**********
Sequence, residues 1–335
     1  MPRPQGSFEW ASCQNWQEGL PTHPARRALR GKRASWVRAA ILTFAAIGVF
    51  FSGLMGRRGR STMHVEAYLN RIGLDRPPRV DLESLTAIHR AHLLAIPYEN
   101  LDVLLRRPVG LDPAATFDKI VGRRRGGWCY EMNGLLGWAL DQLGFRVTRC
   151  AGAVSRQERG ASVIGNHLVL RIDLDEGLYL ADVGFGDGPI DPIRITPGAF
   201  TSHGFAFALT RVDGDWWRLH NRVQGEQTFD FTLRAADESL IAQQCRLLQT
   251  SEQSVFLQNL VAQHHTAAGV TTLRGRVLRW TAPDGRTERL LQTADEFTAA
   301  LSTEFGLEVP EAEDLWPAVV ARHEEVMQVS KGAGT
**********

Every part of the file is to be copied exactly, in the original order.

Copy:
Sequence, residues 1–335
     1  MPRPQGSFEW ASCQNWQEGL PTHPARRALR GKRASWVRAA ILTFAAIGVF
    51  FSGLMGRRGR STMHVEAYLN RIGLDRPPRV DLESLTAIHR AHLLAIPYEN
   101  LDVLLRRPVG LDPAATFDKI VGRRRGGWCY EMNGLLGWAL DQLGFRVTRC
   151  AGAVSRQERG ASVIGNHLVL RIDLDEGLYL ADVGFGDGPI DPIRITPGAF
   201  TSHGFAFALT RVDGDWWRLH NRVQGEQTFD FTLRAADESL IAQQCRLLQT
   251  SEQSVFLQNL VAQHHTAAGV TTLRGRVLRW TAPDGRTERL LQTADEFTAA
   301  LSTEFGLEVP EAEDLWPAVV ARHEEVMQVS KGAGT